Loophole Story Tests Bloggers' Political Instincts

This AP loophole story has continued to tie people in knots -- especially those who are (a) generally skeptical about NCLB or (b) somehow miffed that the AP story is getting so much attention.

What only a few bloggers seem to understand is how bad it looks to be against 2 million kids' scores being counted. That's why you haven't seen any lawmakers out there defending or even trying to explain the thing.


To see the first wave of reactions, check out my inital roundup of responses.

Since then, few bloggers seem clear or clean about what they think:

Over at a Constrained Vision, for example, Katie is skeptical about the breathless tone of the AP story. She goes back and forth about the thresholds, but concludes that “one national rule might be better.” Indeed.

Similarly, John and Beth from the AFT Blog are all over the place on this one. Initially they said they weren't defending the loopholes (like I said they were), but then on Thursday come back again to the issue again, calling the loophole story "hype" and detailing how schools can't afford to ignore kids regardless of the oversized thresholds. They still sound like they're overall pro-loophole to me, but who knows.

Ditto for Eduwonk, who goes for the "go ask your mother" answer by dismissing the AP story as a mere effort to sell papers that "doesn't convey the reality on the ground" and ignores statistical soundness but...sorry, I nodded off right about then.

Then there are those who just seem to fly whereeever they want to go on this one:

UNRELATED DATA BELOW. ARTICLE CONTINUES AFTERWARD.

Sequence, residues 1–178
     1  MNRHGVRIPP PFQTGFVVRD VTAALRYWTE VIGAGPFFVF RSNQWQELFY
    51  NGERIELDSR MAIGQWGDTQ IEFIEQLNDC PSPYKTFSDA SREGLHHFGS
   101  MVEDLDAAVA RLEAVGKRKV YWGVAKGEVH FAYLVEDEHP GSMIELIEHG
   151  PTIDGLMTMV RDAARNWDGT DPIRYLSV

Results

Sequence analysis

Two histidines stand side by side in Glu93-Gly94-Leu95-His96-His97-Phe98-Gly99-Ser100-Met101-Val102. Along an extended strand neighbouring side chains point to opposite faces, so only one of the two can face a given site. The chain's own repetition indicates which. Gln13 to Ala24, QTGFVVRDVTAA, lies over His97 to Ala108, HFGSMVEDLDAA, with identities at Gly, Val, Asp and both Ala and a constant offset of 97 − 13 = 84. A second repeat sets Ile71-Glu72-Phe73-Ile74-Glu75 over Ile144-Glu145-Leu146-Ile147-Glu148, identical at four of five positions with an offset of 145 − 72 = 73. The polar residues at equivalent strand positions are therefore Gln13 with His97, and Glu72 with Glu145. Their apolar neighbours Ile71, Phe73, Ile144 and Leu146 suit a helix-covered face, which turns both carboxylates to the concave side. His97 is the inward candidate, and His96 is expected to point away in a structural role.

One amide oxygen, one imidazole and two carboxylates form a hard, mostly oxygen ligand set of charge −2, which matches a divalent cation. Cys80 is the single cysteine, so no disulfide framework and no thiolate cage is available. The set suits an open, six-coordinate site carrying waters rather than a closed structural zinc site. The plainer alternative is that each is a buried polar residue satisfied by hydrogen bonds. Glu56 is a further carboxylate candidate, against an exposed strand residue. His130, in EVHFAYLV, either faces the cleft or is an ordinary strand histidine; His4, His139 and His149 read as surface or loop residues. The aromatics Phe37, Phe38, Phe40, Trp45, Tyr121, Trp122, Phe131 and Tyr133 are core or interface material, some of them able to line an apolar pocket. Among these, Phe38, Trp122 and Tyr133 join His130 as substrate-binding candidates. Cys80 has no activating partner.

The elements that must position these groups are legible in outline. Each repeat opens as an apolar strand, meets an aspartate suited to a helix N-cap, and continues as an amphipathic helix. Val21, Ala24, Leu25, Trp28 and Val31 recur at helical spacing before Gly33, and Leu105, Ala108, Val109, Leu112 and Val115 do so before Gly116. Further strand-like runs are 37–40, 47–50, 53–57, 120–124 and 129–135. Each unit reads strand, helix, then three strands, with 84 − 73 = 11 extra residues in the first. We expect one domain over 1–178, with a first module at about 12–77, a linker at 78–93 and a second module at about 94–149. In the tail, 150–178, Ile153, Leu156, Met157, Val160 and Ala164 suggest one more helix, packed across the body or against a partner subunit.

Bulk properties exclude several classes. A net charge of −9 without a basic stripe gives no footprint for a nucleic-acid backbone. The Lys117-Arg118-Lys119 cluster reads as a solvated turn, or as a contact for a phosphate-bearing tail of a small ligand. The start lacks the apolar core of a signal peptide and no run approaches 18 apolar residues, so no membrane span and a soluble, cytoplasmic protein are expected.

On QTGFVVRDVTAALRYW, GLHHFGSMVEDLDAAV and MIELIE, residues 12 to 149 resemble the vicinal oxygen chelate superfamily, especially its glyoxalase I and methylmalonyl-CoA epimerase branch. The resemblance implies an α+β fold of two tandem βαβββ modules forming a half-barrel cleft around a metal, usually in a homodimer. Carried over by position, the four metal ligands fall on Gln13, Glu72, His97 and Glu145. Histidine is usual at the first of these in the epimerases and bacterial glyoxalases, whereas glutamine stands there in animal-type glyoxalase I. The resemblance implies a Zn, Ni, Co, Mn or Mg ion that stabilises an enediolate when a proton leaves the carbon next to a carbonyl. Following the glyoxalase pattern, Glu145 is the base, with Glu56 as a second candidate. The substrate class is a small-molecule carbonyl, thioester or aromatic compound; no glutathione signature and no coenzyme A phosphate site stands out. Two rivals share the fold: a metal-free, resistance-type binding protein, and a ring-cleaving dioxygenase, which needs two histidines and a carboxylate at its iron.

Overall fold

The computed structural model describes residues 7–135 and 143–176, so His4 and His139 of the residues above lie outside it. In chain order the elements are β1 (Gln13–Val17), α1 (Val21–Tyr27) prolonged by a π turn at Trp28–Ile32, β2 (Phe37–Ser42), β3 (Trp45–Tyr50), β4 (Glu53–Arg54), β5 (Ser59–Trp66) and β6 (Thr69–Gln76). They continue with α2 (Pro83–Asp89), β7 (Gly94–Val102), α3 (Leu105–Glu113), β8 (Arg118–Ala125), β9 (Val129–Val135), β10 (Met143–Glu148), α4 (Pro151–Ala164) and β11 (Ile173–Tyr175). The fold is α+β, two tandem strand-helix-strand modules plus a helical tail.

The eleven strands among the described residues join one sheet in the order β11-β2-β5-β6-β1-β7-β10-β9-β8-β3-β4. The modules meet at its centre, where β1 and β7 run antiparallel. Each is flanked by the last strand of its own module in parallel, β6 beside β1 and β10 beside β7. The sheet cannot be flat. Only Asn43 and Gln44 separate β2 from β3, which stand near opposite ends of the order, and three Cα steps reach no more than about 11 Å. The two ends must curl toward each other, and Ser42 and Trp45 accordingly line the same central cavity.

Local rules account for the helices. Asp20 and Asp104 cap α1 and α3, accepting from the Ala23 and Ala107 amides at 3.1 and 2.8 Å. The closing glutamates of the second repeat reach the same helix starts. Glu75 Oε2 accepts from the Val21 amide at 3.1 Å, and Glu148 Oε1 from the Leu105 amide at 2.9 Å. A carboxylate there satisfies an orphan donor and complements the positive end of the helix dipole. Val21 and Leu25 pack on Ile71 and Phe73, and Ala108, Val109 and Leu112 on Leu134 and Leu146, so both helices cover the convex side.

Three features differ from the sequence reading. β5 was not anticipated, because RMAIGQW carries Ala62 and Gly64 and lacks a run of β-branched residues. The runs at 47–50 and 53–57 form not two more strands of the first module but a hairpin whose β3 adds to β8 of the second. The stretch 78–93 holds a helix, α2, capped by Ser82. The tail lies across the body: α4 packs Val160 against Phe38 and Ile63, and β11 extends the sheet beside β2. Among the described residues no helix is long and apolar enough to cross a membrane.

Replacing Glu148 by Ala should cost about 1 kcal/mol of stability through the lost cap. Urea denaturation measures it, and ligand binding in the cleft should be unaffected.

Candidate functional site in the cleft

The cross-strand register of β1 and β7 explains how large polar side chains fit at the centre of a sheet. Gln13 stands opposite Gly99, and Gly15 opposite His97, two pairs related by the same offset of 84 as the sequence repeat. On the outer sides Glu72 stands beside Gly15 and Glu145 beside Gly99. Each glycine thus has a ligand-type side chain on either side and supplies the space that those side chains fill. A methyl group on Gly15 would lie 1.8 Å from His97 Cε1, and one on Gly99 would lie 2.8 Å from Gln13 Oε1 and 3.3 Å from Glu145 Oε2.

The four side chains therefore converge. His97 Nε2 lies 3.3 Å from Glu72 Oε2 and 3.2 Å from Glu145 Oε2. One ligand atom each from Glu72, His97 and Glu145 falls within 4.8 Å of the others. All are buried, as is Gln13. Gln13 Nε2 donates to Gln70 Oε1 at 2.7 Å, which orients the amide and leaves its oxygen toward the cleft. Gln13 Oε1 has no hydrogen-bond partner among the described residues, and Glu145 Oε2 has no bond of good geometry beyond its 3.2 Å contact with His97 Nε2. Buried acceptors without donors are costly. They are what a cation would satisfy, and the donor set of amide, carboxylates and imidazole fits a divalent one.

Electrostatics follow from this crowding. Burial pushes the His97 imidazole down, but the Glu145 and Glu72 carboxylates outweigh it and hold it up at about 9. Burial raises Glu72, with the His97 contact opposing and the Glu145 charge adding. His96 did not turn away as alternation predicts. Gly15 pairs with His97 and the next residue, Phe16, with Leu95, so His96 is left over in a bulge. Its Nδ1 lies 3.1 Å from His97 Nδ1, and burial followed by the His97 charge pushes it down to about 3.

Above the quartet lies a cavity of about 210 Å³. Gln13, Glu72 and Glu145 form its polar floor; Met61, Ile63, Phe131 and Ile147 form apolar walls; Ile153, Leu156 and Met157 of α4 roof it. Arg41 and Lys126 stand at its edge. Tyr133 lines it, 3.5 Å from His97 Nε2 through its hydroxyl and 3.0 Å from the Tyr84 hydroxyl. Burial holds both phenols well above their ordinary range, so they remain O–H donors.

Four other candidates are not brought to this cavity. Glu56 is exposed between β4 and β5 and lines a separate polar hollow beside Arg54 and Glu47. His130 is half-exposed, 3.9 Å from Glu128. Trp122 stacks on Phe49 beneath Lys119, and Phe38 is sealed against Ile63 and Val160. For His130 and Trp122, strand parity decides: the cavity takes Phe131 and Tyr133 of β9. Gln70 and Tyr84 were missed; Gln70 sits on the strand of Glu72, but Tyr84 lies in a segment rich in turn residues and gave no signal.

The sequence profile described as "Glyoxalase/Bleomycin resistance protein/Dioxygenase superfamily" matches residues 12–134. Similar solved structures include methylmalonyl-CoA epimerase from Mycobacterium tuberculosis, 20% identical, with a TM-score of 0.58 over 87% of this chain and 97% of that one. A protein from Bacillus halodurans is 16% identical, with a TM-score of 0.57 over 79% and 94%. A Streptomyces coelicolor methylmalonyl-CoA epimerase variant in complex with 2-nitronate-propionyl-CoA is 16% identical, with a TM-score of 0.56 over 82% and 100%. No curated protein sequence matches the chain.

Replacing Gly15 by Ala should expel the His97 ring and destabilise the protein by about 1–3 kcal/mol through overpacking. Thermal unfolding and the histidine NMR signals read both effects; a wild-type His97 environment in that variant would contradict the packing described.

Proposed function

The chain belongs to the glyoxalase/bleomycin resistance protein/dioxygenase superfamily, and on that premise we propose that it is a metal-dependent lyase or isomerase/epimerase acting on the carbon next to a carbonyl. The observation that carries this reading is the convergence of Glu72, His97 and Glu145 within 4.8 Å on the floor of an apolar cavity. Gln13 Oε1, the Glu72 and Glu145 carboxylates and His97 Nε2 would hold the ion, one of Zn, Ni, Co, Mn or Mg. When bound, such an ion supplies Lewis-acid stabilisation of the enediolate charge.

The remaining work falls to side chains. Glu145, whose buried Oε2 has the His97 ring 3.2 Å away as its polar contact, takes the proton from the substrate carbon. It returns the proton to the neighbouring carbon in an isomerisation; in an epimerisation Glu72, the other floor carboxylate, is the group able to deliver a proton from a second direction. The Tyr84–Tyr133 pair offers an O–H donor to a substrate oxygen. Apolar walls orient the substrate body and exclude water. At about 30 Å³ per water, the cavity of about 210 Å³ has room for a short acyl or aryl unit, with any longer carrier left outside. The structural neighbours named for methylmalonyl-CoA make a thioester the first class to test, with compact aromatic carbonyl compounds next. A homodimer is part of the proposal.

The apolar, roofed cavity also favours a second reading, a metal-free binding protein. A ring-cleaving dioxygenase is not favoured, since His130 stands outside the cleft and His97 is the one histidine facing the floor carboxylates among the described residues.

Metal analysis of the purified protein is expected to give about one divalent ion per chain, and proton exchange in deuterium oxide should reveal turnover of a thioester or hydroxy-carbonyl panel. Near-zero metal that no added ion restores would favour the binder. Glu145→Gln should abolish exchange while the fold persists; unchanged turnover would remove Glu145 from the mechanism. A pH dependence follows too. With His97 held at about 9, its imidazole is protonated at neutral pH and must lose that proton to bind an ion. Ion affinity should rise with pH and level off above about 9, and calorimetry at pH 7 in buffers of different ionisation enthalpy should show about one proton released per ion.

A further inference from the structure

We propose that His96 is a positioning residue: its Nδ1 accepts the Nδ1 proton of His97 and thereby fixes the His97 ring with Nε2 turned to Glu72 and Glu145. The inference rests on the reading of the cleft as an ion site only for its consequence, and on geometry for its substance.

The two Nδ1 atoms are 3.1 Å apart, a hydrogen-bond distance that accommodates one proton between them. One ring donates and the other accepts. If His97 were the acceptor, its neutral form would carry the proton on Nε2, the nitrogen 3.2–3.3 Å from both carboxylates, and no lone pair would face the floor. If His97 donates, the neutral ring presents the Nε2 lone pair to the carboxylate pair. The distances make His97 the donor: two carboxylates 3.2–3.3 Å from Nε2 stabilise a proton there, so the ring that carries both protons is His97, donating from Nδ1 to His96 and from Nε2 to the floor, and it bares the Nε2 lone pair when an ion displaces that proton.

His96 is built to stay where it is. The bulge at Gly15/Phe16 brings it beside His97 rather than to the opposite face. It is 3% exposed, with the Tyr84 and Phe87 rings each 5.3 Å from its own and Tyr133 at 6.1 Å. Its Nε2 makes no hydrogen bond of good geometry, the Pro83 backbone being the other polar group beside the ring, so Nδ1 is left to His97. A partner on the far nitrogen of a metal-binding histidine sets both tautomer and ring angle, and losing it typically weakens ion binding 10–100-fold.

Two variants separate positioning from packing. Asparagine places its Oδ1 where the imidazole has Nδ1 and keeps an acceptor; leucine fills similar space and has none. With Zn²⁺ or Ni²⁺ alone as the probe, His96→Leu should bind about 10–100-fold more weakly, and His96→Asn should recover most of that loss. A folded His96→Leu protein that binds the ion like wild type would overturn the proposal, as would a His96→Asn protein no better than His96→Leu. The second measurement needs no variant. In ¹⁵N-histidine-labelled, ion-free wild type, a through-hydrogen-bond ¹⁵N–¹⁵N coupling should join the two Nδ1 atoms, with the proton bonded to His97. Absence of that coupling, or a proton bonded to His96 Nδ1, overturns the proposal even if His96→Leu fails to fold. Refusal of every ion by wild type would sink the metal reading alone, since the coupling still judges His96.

The NSBA's BoardBuzz tries to hijack the story to (a) argue for growth models -- huh? -- (b) blame USDE and the states (as if districts weren’t part of pushing for creating oversized subgroup thresholds), and (c) to argue that minority kids are actually over-counted under NCLB. Yikes.

The Gadfly soundly trounces the blame-the-states/Feds argument: "Local superintendents, school board members, and teachers associations abhor the spotlight and sanctions that come with tough accountability; they are responding by putting withering pressure on state officials to lower the bar. And, not surprising, some state officials are obliging."

Over at Schools Matter (I know, I know), Professor Horn is conflicted. He hates NCLB, of course, but he doesn't like the AYP loophole either. What to do? Blame the feds for segregation. Yeah, that'll do it.

The right answer, however, is that giving schools a pass on being held accountable for the scores of up to 50 minority kids at a time is ridiculous -- even if you hate NCLB.

That's just what AlterNet, the alternative weekly blog, has figured out, calling the thresholds "the most ridiculous loophole in the worst education act." I like it.


Blogger "Ms. Cornelius" said...

I've spoken about this at my place, and basically, I worry about the exampole it sets when educators look dishonest.

9:30 PM  

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